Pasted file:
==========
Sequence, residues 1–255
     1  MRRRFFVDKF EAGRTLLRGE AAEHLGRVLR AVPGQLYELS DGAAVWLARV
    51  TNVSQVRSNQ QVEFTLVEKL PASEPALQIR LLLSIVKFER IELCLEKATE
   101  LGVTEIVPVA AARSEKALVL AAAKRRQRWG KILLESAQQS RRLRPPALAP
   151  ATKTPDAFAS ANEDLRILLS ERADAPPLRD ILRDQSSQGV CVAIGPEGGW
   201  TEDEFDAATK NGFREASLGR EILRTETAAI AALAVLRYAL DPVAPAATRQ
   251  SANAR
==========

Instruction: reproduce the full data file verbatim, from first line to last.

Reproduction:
Sequence, residues 1–255
     1  MRRRFFVDKF EAGRTLLRGE AAEHLGRVLR AVPGQLYELS DGAAVWLARV
    51  TNVSQVRSNQ QVEFTLVEKL PASEPALQIR LLLSIVKFER IELCLEKATE
   101  LGVTEIVPVA AARSEKALVL AAAKRRQRWG KILLESAQQS RRLRPPALAP
   151  ATKTPDAFAS ANEDLRILLS ERADAPPLRD ILRDQSSQGV CVAIGPEGGW
   201  TEDEFDAATK NGFREASLGR EILRTETAAI AALAVLRYAL DPVAPAATRQ
   251  SANAR